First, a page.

Understanding and teaching to what Gaddis describes as the universal gifts of the Right Brain Learner opens up his world of learning. Right Brain Learners are characterized as being highly imaginative and possess the ability to think in pictures. Gaddis lists some of their creative outlets as computers/video games, art/photography, puzzles/mazes, fashion/sewing, building/electronics, theater/showmanship, math/numbers, music/dance, and cooking/gardening. Uh, can you say LIONHEART! This description couldn't be any more exact! I can certainly build his learning around these areas. Gaddis says in her book that "by extensively engaging in preferred creative outlets up to the 8 to 10 year time frame, the creative child develops the traits and strengths necessary to navigate the left-brain tasks they'll encounter at the next stage." Makes perfect sense to me!
|Lion Heart loves to work in costume.|
As a Left Brain Learner with right brain tendencies, I crave order and sequence. Teaching out of order pains me. But I had to learn to adjust. According to Gaddis, the Right Brain Learner is a global, big picture learner. They want to know the whole before the details will ever matter. I was perplexed that LionHeart understood the concept of multiplication and division, but struggled with basic math facts until I read that I should allow him to experiment with Algebra and Geometry, which will motivate him to learn math facts – the details. Recently, I took an online class called Natural Math where these concepts were explored. Experiencing multiplication through fractals was a delight-filled experience for LionHeart. I was able to present it in a way that he understood.
I cringe when I think about the kind of learning I would have continued to push on LionHeart had I never discovered this book. Gaddis describes schools and many curriculums as using a scope and sequence that favors the gifts of the left brain dominant person - “product-driven, sequential learning, that is word and symbol focused.” The Right Brain Learner is process driven, wants to know the why, wants to experiment and discover. Creativity and exploration drives the learning of Right Brain Learners whom Gaddis describes as “creative children that love to learn, but hate to be taught.” John Holt says something similar in his book How Children Learn.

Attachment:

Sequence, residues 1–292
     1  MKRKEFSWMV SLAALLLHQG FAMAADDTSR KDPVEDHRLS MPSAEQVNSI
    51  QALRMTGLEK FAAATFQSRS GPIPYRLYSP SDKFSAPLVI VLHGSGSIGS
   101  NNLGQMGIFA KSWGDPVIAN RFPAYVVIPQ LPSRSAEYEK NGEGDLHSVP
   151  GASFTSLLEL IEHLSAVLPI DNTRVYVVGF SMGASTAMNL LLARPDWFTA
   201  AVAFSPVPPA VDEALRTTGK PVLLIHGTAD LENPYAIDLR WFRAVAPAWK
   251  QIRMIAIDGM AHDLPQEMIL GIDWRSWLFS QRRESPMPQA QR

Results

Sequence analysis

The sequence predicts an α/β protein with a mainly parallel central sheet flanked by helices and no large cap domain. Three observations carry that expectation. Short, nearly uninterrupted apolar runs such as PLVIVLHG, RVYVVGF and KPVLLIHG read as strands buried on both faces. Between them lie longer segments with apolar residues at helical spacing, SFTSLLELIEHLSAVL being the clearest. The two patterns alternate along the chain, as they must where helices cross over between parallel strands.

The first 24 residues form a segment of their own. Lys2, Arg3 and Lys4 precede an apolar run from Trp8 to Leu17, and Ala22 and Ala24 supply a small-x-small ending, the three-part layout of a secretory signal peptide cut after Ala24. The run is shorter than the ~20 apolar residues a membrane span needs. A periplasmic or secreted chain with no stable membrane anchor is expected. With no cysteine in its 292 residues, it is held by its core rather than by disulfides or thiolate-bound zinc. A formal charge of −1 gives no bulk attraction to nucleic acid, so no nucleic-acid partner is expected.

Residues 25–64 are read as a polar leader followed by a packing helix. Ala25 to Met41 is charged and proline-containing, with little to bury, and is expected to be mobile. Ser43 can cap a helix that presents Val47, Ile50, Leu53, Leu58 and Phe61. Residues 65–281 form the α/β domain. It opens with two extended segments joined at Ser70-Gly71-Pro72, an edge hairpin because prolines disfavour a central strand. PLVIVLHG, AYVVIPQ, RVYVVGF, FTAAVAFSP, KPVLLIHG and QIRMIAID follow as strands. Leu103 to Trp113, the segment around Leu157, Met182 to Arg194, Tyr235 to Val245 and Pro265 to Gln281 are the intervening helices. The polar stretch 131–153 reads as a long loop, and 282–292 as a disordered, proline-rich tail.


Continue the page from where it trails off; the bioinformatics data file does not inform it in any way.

Most schools will label (ADD/ADHD, dyslexia, learning disabled, dysgraphia, dyscalculia) or attempt to "fix" or "remediate" a Right Brain Learner because he struggles when taught in ways that are considered the norm. Gaddis goes on to say that "labels were created to explain the difference between your child's intelligence and his inability to perform in the classroom." As parents, we are not bound by that faulty reasoning. We can learn about and understand the natural learning path for our Right Brain Learners. It doesn't mean our children won't learn the skills needed to attend college or be successful in life. It means, as my grandmother used to say, "there is more than one way to skin a cat." Teaching to the strengths of the Right Brain Learner can be easily accomplished if you homeschool. But, what if your child attends a traditional school? The Right Side of Normal has 495 pages of perspective-shifting information and resources that parents will find useful in helping to facilitate strength-based learning that celebrate the unique gifts and talents of Right Brain Learners.
|LionHeart loves to make art, especially drawing and painting.|
When I stumbled upon the website, I knew I had to review this book for my blog. I wanted other parents to be liberated from thinking something was wrong with their children if they were struggling with what I call "paper-based learning" - the usual textbooks and curriculum. Although I was given a digital copy to review, I'm old school - I need paper. So I'm ordering a copy that I am sure will become my highlighted, sticky-note tabbed reference for ways to support my Right Brain Learner as I continue on the journey.
If you click on this link, you can read a 28 page excerpt.